The Internet's foundational documents are called "requests for comments" or "RFCs." Published by the Internet Engineering Task Force (IETF), the organization whose stated goal is "to make the Internet work better," RFCs define and explain the operational standards by which our worldwide network of networks functions. In other words, they specify the rules everyone should follow when building and implementing new Internet technologies. Engineers working on the Internet discuss potential RFCs, debate their merits, then post their decisions online for anyone to read.
People have been publishing RFCs for decades (Steve Crocker wrote the first one in 1969). By maintaining a common set of rules (technical standards the group typically calls "protocols"), the IETF ensures that the Internet continues to work the same way for everyone—and that everyone can participate in its evolution. Even though the process for ratifying RFCs has changed throughout the past four decades, the name of these documents never has. Since the early days of ARPANET, people have been making requests for comments.
I've always liked this convention. Calling the Internet's founding documents "requests for comments" reinforces the idea that the Internet—this thing that facilitates so many participatory projects worldwide—is itself an ongoing collaborative effort, something open to continual re-evaluation and revision. As the IETF notes, the name "expresses something important: the Internet is a constantly changing technical system, and any document that we write today may need to be updated tomorrow." The group doesn't dictate "standards." It doesn't mandate "policies." It just makes "requests for comments." What could function as a definitive declaration instead becomes an invitation. And so the conversations continue.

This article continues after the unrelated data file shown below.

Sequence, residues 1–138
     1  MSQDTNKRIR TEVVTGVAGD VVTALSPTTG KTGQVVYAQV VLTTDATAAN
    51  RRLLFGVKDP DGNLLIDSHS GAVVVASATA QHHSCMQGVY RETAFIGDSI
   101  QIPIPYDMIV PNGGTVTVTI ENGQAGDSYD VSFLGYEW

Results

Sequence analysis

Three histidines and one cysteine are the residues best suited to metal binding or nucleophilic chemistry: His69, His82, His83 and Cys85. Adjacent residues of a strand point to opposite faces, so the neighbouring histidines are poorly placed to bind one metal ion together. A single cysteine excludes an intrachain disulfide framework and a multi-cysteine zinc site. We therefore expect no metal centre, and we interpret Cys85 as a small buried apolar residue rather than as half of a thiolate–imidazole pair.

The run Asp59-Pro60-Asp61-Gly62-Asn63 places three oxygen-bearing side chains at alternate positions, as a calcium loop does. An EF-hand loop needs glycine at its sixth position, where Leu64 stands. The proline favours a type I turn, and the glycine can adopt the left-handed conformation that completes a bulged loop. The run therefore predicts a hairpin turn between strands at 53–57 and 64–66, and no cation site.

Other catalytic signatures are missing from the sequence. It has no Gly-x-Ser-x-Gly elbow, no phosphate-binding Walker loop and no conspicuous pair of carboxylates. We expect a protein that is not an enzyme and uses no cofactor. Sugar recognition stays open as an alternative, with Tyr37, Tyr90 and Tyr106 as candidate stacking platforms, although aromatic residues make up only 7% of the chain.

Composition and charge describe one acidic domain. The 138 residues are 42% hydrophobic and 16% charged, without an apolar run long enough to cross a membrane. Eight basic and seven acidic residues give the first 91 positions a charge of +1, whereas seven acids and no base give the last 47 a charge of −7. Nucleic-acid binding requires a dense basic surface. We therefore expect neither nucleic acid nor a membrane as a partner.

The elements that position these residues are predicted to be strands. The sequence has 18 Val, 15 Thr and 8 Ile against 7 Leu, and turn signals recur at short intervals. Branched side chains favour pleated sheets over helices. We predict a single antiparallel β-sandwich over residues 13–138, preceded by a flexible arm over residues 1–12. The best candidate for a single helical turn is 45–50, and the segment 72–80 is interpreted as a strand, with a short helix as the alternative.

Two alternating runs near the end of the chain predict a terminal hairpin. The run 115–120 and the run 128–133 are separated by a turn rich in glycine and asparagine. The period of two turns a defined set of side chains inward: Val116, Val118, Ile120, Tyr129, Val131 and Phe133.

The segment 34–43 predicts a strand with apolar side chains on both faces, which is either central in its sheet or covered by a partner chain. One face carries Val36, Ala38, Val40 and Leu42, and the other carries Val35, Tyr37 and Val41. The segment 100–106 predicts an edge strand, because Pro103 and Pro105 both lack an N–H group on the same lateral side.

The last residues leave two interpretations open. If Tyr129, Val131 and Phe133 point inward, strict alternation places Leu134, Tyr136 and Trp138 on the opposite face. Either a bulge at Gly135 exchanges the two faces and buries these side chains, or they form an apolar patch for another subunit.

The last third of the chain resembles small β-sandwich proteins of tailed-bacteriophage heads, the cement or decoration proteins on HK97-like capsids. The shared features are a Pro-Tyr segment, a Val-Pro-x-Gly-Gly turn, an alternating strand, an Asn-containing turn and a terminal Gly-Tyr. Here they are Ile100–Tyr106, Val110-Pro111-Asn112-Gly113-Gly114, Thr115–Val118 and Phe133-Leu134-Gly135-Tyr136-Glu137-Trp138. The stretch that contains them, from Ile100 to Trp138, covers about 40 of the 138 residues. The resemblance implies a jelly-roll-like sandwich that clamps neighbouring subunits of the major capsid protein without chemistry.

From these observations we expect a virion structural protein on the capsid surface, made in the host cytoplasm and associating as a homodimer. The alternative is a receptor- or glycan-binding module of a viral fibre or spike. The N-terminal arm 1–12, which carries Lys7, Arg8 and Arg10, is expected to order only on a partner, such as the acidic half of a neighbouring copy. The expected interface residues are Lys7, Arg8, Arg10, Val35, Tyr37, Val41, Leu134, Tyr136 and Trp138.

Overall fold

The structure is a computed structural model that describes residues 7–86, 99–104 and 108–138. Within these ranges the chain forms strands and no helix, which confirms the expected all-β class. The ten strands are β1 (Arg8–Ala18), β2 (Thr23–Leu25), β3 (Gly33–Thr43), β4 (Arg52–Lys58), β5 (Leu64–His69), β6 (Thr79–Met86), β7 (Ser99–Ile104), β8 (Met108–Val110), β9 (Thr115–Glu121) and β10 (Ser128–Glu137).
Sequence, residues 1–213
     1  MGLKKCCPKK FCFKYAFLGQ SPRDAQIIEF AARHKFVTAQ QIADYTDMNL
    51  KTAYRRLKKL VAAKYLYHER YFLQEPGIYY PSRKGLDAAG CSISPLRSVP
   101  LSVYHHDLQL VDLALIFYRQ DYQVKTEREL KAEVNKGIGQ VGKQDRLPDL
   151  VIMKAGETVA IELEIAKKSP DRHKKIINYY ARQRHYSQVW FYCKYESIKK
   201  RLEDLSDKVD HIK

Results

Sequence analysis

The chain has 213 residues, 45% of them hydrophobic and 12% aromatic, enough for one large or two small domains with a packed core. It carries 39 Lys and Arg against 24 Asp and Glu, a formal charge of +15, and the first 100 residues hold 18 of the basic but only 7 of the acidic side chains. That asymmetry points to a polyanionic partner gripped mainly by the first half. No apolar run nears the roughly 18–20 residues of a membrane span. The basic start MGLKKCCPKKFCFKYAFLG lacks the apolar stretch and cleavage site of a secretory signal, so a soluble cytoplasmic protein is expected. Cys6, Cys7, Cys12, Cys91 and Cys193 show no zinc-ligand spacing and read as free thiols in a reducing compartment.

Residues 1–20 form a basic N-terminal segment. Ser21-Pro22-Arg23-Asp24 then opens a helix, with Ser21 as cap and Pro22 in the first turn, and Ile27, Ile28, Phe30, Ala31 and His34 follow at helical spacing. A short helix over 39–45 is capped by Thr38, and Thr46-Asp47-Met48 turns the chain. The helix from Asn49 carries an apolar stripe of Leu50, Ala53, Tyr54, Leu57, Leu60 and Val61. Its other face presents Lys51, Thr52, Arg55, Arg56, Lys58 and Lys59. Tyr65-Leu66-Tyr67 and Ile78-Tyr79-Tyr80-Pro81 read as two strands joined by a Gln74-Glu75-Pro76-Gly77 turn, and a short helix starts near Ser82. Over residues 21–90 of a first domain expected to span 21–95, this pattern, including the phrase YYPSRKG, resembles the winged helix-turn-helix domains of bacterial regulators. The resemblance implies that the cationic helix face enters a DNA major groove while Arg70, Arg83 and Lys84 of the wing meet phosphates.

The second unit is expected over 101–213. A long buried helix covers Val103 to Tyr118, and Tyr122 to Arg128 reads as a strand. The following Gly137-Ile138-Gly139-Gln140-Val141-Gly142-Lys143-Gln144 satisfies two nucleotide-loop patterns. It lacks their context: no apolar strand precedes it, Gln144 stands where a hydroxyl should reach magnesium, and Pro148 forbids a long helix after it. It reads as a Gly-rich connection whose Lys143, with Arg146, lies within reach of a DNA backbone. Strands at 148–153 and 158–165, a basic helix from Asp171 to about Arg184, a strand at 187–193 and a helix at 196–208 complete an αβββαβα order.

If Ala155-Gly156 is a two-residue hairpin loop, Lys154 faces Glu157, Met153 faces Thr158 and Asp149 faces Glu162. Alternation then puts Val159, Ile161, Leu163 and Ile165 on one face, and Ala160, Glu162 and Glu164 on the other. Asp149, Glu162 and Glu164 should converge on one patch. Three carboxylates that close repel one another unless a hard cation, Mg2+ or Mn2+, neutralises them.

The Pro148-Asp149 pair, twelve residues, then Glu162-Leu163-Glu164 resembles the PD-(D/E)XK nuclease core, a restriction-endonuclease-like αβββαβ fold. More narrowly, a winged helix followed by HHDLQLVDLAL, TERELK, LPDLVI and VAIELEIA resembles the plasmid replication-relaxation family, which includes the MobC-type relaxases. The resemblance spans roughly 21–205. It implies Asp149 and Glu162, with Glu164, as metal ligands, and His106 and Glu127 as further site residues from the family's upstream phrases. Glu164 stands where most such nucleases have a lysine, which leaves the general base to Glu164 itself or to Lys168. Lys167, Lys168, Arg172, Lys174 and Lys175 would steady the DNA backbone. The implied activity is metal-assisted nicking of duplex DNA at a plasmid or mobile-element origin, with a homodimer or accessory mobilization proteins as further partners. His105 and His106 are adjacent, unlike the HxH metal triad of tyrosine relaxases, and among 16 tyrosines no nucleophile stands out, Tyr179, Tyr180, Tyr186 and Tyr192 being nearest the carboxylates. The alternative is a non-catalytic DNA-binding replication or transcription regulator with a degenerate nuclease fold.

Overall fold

I often think about RFCs when I'm going about my work in an open organization. Every day, I find myself closing emails and conversations with phrases like "let me know what you think" and "feedback welcome." I often tell people I "want to know what you think about this," or that I "could use your opinion on something." In fact, because so much work in open organizations is collaborative, I find myself doing this more often than not—so often indeed that I've recently begun to wonder if I'm being redundant.
Like each IETF technical specification, every communication in an open organization should be an invitation to refine, re-work, and ultimately improve the project at hand. No one needs to include the phrase "feedback welcome" on an official RFC; the nature of the document itself simply implies the solicitation. Regardless of whether I explicitly ask someone for input, I must certainly expect to receive it—because in an open organization, every gesture should be inclusive by default.
It's not always an appealing prospect. As Jim Whitehurst writes in The Open Organization, working inclusively can slow decision making, as incorporating multiple perspectives requires precious time and energy. But being inclusive can actually speed up implementation, making change management easier. When people aren't surprised by a decision you've made (after all, they helped you arrive at that decision), they more willingly help you carry it out.
So I plan to save myself a few keystrokes, recognizing instead that in open organizations everything is a request for comments. As always, I welcome your feedback. (Ed: Redundant)
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